Of all the media through which you can brand yourself, video may be the most compelling. Take these statistics:

If creating a viral video shared by thousands of people is something you'd like to do, take some advice from Dhar Mann, founder and CEO of LiveGlam, a cosmetics company that he took from $600 in starting capital to eight figures in annual revenue in less than two years. On social media, his motivational videos on life and business have been viewed over 250 million times and shared by millions of people in less than six months. Here are his words on how to get started.

1. What kind of hardware do I need, and how much can I expect to pay for it? Or, can I just use my phone?

Quality of video really doesn't matter much and in fact can have an adverse affect on viewership. When the quality's too good people think they're watching a commercial or being sold something. Many of the most viral videos were shot on a mobile phone with a shaky hand, poor lighting and bad audio. It makes it feel raw and authentic. My advice would be don't get too hung up on spending a lot on hardware in the beginning because it's not a barrier to entry. The most important part is being consistent with your content and then upgrading over time.

2. What software do you use to edit, and what kind of file is the final product?

I don't create content full time so I've hired a videographer to shoot and edit for me. The money my content brings in more than pays for my production costs. If you have some starting capital, hiring a videographer can save you a lot of time and headache. If you don't have any starting capital then you'll have to roll up your sleeves and learn for yourself. My advice would be start with Adobe Premiere, Final Cut Pro or iMovie. The software isn't too expensive and allows you export into any one of the dozens of file formats Facebook accepts, including the most popular MP4 or MOV formats. 

3. Video format and length needs to be different according to the platform I'm publishing on, correct? Can you explain the difference between posting on Facebook, Instagram and YouTube?

For Facebook my videos average between three to four minutes long. Three minutes is the required length to place ads on your video so none of my videos are below that. Beyond four minutes most people don't have the attention span and will swipe out. For YouTube people have a longer attention span so four to five minutes would be the sweet spot. For IGTV I haven't seen a clear content length winner, but the rule of thumb with any content is don't make it longer than it needs to be. There's no right or wrong way, but I'm constantly looking for ways to trim down my length as people's attention spans are consistently decreasing.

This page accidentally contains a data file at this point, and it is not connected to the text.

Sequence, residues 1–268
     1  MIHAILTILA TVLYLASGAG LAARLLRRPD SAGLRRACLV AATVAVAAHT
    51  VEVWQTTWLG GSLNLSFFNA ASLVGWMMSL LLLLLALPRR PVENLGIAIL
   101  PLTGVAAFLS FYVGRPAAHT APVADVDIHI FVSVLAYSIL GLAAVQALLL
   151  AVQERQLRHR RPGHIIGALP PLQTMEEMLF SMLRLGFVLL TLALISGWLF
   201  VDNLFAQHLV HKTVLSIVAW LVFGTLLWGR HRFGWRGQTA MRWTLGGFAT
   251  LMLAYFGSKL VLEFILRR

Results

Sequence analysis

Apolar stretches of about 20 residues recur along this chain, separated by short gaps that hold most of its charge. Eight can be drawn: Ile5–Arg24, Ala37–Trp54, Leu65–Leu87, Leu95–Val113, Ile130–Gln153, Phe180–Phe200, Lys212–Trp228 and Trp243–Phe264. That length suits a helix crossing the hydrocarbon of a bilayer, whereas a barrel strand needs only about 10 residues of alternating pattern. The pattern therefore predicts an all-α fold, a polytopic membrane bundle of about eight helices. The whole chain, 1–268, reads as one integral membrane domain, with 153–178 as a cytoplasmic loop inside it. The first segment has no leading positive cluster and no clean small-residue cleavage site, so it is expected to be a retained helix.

4. How can I attract thousands of views, and do you have any tips for marketing?

I've developed a viral checklist for Facebook that helps me create content that's viral worthy:
- Captivate the audience with something shocking in the first 10 seconds
- Invoke a strong emotional reaction
- Don't rely on dialogue- the video should make sense without sound
- Have an unexpected, ironic twist
- Create relatable content that brings back memories for the viewer
- Understand your target audience and create content for them, not you
- Use hot button issues that people are already thinking about
- Consistency is key and virality is a numbers game
- Create content native to each platform

If you create the right content, you won't have to do a lot to market it, the social platforms and their algorithms will do the work for you. That's why you see a lot of stories going viral from everyday people without a following.

5. Do you have any advice for coming up with good topics?

It should come naturally to you. If you are a funny person then choose comedy. If you're great at giving advice then choose inspiration. If you have a strong talent then create tutorials. If you're not the best at talking to the camera than choose to interview others. The marketplace has room for lots of different content types and personality types that's why you have both six-year olds and 60-year olds making millions of dollars a year on YouTube. There's definitely a niche that can work for you.